On 8th March I gave a talk at MTG in Napier about my research into the iconic Māori adornment hei tiki. The talk was to complement their recently opened and strikingly beautiful exhibition Pounamu.
A diverse audience of about 70 people turned up on the day to listen to my talk, ranging from general interest through to pounamu carvers of very passionate interest.
One of the main things I have been looking at is how styles of hei tiki appear to ahere to, or are worked away from, original rectangular or wedge shaped pieces of cut pounamu. The discovery of pounamu sawing techniques using mania or abrasive stone saws is credited with having been important for the development of a multi-purpose pounamu adze blade. This style of adze blade rose to prominence to help define the ‘classic Māori’ cultural phase, post AD 1500. I think that this newfound pounamu working technology was also important for the appearance of the ‘classic Māori’ adornment hei tiki; – that the origins of hei tiki and the origins of the common style of toki pounamu are probably closely linked together.
Sometimes hei tiki were also made from old adze blades themselves which were recycled for their valuable pounamu. The Kura Pounamu exhibition (Te Papa Sept 2009 – mid-2011; China Nov 2012 – April 2014; and upcoming Paris 2017) has a display which shows different stages of transition from pounamu adze blade to finished hei tiki. It has been a popular exhibit with visitors:
Traditional stoneworker, Ānaru Rondon, and also pounamu authority, Russell Beck, both helped me with gaining insights into the relationship between hei tiki and the adze-like pounamu blanks or adze blades that hei tiki were made from.
It seems that when making hei tiki the lower end of a blank would have been ground down to make a sharpish bevel in order to reduce the thickness for working through the inner leg cavities. As a consequence partly finished hei tiki may look like they started out as adze blades even when they didn’t.
Hei tiki have long been observed to belong to two basic types.
The first and most common of these is relatively thick and deeply modelled with the head typically resting directly upon the shoulders and with both hands positioned to the thighs. This style typically has large eyes. It is known as Webster type I or alternatively Robley type A:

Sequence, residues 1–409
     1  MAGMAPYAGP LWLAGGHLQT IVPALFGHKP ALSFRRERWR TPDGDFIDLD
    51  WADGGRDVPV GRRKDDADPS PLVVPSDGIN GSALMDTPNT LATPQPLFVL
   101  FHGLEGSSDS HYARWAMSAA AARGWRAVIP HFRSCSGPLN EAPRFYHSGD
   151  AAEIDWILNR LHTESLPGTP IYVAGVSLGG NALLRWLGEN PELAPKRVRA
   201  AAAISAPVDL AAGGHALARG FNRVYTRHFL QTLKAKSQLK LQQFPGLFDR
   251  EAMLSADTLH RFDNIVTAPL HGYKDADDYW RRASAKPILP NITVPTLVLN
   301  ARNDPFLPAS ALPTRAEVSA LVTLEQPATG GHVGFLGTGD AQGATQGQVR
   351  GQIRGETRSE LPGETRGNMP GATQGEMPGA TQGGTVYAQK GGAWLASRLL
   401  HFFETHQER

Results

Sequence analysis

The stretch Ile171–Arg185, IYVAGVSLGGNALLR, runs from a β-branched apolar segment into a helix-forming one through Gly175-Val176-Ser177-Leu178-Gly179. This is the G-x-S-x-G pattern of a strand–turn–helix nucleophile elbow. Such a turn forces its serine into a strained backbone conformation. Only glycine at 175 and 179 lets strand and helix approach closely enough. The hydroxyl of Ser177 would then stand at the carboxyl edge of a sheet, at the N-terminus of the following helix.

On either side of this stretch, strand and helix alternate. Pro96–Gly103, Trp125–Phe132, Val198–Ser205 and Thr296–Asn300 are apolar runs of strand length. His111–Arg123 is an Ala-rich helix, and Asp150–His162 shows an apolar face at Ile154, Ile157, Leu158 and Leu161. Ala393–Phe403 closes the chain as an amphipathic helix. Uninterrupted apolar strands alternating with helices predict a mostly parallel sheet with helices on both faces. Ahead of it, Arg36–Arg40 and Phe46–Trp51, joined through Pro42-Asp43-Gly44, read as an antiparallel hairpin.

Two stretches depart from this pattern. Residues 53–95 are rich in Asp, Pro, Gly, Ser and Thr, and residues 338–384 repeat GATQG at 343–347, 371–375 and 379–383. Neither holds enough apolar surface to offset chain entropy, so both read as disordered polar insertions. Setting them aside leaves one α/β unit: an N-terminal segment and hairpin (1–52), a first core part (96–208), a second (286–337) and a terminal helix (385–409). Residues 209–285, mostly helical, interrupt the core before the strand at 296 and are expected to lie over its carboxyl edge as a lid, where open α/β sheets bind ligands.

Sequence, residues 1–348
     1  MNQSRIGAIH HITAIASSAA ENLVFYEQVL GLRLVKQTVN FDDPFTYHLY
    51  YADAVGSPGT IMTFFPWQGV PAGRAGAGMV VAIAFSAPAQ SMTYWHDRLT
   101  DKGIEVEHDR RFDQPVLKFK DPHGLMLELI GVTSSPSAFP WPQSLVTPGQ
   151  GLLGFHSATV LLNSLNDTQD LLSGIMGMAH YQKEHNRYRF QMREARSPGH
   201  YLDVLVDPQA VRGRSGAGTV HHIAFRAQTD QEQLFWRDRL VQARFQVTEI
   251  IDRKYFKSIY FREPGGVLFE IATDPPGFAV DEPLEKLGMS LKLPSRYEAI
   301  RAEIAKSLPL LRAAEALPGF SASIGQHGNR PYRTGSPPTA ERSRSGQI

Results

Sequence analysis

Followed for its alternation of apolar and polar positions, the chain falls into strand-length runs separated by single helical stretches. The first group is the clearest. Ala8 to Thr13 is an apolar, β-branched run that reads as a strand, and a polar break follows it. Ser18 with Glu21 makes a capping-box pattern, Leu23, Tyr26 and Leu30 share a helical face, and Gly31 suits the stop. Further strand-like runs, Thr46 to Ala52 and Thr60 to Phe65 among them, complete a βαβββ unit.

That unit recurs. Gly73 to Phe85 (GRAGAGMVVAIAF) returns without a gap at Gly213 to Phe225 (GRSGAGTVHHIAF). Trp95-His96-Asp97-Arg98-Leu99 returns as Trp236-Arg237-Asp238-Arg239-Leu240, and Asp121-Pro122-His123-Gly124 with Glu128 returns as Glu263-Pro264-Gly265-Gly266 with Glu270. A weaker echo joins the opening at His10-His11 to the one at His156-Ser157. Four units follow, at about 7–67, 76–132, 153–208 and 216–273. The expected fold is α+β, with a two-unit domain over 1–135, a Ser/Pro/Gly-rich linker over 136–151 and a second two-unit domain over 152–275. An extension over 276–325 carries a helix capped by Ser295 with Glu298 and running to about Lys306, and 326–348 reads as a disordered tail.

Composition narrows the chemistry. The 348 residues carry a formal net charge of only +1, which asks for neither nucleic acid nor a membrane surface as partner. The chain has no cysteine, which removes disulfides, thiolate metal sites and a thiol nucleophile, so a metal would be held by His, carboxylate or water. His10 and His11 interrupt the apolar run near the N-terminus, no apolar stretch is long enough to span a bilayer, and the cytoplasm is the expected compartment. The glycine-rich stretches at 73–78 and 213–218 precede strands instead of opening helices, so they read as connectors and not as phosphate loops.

The second and rarer type of hei tiki is typically thinner with features modelled in relatively shallow fashion. The head is raised with a definite neck and one hand is raised to the chest or mouth. The eyes are typically small. It is considered that on average about one in ten hei tiki are of this type. It is known as Webster type II or alternatively Robley type B:
It has been argued that the common type I style of hei tiki is the most recent, with type II being earlier. However, another style of hei tiki with an upright vertical head has been credited with being the earliest pounamu hei tiki of them all. An example from Ruapekapeka in Northland with ‘abbreviated’ or in my opinion more likely snapped off legs was given as the type ‘specimen’:
But I think the earliest dated example of this style is the hei tiki from Doubtless Bay, Northland, which was drawn in 1769:
After considering the evidence underpinning the longstanding orthodox view of a lineage or sequence of development for hei tiki I came to the opinion that actually we don’t really know which style of hei tiki is the earliest. It seems more likely to me that the differences between the three main hei tiki styles, or types, probably have more to do with their belonging to different localised hapu or tribal styles than their position within a chronological sequence of development. The hei tiki with upright vertical head is most common in the North Auckland region. Hei tiki of type II configuration appear to be most common in the Bay of Plenty, Hawkes Bay, Whanganui and Taranaki districts. Curator at MTG Tryphena Cracknell encouraged me to look at their holdings of hei tiki and it was interesting to see that about a third of their collection was of the rarer type II style, reflecting the fact that this style is also more common in the Hawkes Bay region. The type I style of hei tiki appears to have been common in most if not all areas.